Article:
Go to any North American auto show and you’ll find the pickup truck pavilions of the Detroit 3 crowded with more choices than a grocery store cereal aisle. Not surprising, considering America’s deep love affair with these workhorses, but a $40,000-plus full-sized pickup truck is also the most profitable non-luxury vehicle sold by U.S. automakers.
Times are changing, though. Perhaps in part because of stronger pickup truck choices from foreign brands, or because vehicles are lasting longer than they ever have, or because more Americans are living in cities, or a combination of all of these, the number of GM, Ford and Chrysler pickup truck sales appears to be declining even if sales are rebounding from the 2009 auto industry crisis.
As of the end of August, the Detroit 3 automakers were nearly 500,000 units shy of matching 2012 pickup truck sales. They sold a combined 134,545 units of Ford’s F-Series, GMC Sierra, Chevy Silverado and Dodge Ram pickups in September, a typically sluggish month, so it looks like pickup truck sales will break the previous year’s figure for the fourth year in a row.
But in 2002, Americans bought almost 3.2 million of these trucks, according to auto intelligence provider Edmunds.com. If consumers buy 2 million Detroit 3 pickup trucks this year, that’s still more than a million shy of pre-2006 annual sales figures topping 3 million. Between 2005 and the start of the subprime mortgage meltdown that sent the U.S. auto industry into a tailspin in 2008, pickup truck sales were falling. A year before the recession, these truck sales dropped below 2 million.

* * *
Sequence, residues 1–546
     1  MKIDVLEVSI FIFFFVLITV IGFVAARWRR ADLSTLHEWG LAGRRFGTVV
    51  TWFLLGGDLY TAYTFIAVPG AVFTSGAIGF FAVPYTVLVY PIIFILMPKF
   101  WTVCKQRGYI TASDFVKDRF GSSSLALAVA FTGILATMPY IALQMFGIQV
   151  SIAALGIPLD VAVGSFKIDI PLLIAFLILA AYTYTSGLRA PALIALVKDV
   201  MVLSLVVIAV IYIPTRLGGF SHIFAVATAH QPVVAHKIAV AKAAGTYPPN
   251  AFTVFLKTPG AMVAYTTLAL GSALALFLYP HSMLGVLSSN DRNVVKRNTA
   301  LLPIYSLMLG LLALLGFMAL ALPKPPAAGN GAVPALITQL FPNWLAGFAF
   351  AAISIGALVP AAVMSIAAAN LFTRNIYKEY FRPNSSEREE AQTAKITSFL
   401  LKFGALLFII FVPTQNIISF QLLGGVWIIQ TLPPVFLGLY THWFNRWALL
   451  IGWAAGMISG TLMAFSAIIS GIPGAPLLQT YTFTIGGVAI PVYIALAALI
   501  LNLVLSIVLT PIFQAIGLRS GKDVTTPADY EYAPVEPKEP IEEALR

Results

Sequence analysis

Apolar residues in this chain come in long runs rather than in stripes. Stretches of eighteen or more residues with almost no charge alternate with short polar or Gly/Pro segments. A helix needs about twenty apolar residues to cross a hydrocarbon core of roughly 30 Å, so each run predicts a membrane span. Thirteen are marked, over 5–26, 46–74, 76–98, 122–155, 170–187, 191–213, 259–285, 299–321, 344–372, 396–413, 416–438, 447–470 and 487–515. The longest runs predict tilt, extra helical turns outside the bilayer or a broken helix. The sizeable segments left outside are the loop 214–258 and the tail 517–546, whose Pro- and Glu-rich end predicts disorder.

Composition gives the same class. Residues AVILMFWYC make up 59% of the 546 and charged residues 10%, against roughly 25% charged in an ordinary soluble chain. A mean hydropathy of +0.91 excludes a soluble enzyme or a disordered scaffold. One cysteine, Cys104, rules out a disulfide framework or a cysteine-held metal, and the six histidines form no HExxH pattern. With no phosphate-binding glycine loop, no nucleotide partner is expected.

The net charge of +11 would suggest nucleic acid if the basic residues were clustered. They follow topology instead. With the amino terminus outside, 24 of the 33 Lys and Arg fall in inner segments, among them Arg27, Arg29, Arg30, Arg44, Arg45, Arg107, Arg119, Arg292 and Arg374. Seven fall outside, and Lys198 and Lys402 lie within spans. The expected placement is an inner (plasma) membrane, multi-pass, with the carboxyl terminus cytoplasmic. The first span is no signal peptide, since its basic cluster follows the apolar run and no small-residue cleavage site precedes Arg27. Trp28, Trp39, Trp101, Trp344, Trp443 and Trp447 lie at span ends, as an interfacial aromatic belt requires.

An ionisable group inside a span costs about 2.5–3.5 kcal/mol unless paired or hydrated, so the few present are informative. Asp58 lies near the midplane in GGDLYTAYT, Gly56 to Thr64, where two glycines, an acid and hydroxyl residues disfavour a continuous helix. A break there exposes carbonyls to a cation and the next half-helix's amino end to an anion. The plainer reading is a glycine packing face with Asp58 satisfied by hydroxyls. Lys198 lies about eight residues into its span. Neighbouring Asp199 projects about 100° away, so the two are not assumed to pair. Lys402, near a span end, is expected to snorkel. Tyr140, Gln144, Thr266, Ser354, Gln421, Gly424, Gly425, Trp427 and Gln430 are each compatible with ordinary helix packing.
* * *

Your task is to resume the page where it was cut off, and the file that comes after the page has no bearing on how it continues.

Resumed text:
This isn’t good for the American auto giants. Last month, for example, one out of every four GM vehicles sold in the U.S., the world’s second-largest auto market, was either a Chevy Silverado or a GMC Sierra. Ford’s dependence on its line of pickup trucks is even stronger; in September nearly one in three Ford autos sold in the U.S. was an F-Series. Chrysler depends less on sales of its competing Dodge Ram, but still one in five of its U.S. sales comes from that brand.
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This decline in truck sales even before the last recession could be part of a larger down cycle that will rebound in the coming years, but many analysts have said that the increased dependability of new cars means the replacement cycle – when car owners decide they need to replace their clunkers – will take longer to repeat.
Whatever the case may be, Ford Motor Co. (NYSE:F) is trying to maintain its over-three-decade-long lead in U.S. pickup truck sales by introducing still more members of its already crowded F-Series line. It’s unveiling eight – yes, eight – new versions, such as the F-150 Tremor half-ton sport truck. Already consumers have had a lot of F-Series choices: the XLT extended cab, the XL regular cab, the luxury King Ranch and Longhorn editions, the muscle-y Raptor, and even a Harley Davidson model. They currently come with four types of engines, including the efficient 3.5L V6 EcoBoost and the hungry 6.2L V8.
Meanwhile General Motors Co. (NYSE:GM) is taking a more conservative approach by focusing on luxury trim for its two top sellers: The Chevy Silverado will get the “High Country” fix, which starts the truck at $45,000, while the GMC Sierra and Denali trims are being overhauled to include more high-tech options to go after Ford’s luxury trucks. GM also recently announced it was raising the price for its pickups, by $2,100 for the base 2014 Chevy Silverado.
The move comes as GM is about to increase its incentive spending – it already spends more than other automakers encouraging customers to buy its products. Dealers like the rebates because they can be applied to the down payments when customers finance the vehicles – so essentially what GM is adding to the sticker price it’s removing from the incentives.